Settlement reached in Section 8 discrimination allegations

LOS ANGELES – Late Tuesday, the Los Angeles County Board of Supervisors reached a settlement related to the allegations that Section 8 recipients face harassment in Lancaster and Palmdale. The settlement comes in response to a federal lawsuit filed June 7, 2011, which alleges Black and Latino families using Section 8 were victims of constant, unbearable harassment at the hands of housing authority investigators, sheriff’s deputies and local politicians. Though the County was not a party in the lawsuit, the settlement Tuesday was reportedly an effort by the County to resolve some of the plaintiff’s concerns in the lawsuit. Specific details of the settlement were not immediately available late Tuesday. The AV Times will have more on this story Wednesday.

The following is a press release from the Public Counsel and Neighborhood Legal Services of Los Angeles County, the firms representing the plaintiffs in the racial discrimination lawsuit.

Los Angeles County Agrees to Take Major Step to Combat Section 8 Discrimination in the Antelope Valley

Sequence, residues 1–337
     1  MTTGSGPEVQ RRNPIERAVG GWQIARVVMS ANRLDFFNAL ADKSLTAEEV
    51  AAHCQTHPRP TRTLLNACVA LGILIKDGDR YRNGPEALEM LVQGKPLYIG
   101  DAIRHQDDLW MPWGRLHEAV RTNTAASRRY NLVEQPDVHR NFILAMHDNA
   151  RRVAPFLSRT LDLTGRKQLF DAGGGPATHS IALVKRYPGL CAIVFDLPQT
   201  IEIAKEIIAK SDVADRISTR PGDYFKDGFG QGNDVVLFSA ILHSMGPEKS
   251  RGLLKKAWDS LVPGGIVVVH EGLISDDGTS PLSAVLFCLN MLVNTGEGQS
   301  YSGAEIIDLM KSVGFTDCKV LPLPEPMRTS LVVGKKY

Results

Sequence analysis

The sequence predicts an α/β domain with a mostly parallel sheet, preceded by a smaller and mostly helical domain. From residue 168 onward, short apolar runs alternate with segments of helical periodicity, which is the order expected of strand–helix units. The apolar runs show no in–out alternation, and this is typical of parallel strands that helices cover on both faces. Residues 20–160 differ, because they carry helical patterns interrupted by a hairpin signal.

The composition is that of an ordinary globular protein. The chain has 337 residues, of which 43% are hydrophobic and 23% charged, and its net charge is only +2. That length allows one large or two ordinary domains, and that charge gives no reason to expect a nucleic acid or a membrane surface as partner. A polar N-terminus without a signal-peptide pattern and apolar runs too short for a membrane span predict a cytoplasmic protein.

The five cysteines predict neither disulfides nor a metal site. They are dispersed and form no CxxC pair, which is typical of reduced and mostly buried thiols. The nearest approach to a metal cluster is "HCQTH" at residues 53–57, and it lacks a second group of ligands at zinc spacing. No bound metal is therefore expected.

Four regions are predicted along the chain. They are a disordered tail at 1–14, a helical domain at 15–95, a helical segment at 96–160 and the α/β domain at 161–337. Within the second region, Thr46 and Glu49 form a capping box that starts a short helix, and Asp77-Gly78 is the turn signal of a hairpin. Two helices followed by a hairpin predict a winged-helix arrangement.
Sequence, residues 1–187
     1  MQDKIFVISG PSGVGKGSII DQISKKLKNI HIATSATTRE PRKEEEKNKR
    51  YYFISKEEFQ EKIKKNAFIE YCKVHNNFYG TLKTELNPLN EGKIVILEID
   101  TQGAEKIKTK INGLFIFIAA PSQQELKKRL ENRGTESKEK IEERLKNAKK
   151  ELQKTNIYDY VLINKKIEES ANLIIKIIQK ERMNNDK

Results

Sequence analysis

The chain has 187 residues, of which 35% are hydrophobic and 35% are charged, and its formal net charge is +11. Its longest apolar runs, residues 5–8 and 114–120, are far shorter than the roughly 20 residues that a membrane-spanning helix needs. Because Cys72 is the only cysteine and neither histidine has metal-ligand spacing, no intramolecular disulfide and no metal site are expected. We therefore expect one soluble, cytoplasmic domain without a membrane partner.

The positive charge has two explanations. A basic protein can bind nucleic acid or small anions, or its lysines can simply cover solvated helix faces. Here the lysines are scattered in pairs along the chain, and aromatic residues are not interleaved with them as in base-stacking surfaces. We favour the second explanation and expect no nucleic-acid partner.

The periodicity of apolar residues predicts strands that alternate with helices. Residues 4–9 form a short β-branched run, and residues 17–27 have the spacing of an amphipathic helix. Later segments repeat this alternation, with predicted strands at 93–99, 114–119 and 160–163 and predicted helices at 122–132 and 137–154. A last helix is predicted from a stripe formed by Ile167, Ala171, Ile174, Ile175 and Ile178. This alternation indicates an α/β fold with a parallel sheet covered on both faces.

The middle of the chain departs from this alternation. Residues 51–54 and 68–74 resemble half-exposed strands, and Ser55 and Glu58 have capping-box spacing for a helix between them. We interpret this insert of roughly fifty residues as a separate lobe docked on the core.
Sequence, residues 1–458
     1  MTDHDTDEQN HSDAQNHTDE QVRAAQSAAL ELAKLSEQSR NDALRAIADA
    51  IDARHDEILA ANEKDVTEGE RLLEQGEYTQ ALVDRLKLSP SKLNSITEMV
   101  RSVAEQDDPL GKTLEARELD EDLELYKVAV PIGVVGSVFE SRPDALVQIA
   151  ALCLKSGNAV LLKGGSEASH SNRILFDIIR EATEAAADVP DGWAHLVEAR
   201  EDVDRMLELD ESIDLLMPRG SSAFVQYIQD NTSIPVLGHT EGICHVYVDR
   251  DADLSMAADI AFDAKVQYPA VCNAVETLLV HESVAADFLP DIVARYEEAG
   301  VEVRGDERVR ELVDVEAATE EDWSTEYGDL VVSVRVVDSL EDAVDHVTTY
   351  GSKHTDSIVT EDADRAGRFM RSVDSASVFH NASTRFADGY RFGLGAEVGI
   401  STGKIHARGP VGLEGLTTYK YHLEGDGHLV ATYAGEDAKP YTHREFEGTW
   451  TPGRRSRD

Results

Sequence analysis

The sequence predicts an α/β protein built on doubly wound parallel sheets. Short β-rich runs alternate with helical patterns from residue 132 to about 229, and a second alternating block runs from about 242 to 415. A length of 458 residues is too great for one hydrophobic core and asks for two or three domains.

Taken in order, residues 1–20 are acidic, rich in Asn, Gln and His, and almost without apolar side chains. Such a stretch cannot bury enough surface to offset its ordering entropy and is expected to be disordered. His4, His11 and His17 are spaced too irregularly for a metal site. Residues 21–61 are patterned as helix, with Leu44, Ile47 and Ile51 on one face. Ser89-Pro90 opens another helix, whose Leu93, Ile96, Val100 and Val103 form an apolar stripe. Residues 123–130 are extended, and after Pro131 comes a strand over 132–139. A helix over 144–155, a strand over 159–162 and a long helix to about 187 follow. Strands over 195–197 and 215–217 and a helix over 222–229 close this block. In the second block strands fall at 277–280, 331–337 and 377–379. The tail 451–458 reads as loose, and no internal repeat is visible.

Settlement will restrict Lancaster and Palmdale’s ability to use County programs as a tool for harassment of Black and Latino families in the federal Section 8 Housing Choice Voucher Program

LOS ANGELES – For years, Antelope Valley families who are part of the Section 8 Housing Choice Voucher Program faced harassment in the cities of Lancaster and Palmdale. Now Los Angeles County has sent a powerful message to these and other cities: County programs and departments will no longer be used as tools for intimidation and discrimination.

County Supervisors approved an agreement late Tuesday with attorneys representing Antelope Valley residents and the NAACP that takes away many of the tools that have been used to inspire fear in the more than 11,000 Section 8 participants in the cities of Lancaster and Palmdale who moved to the area seeking a better life for themselves and their families.

The County of Los Angeles agrees to take the following steps to ensure people needing rental assistance are no longer subjected to discrimination.

  • Stop the use of taxpayer funds for harassment of Antelope Valley residents in the Section 8 program.
  • Stop the targeting of African American and Latino families and landlords who rent to them.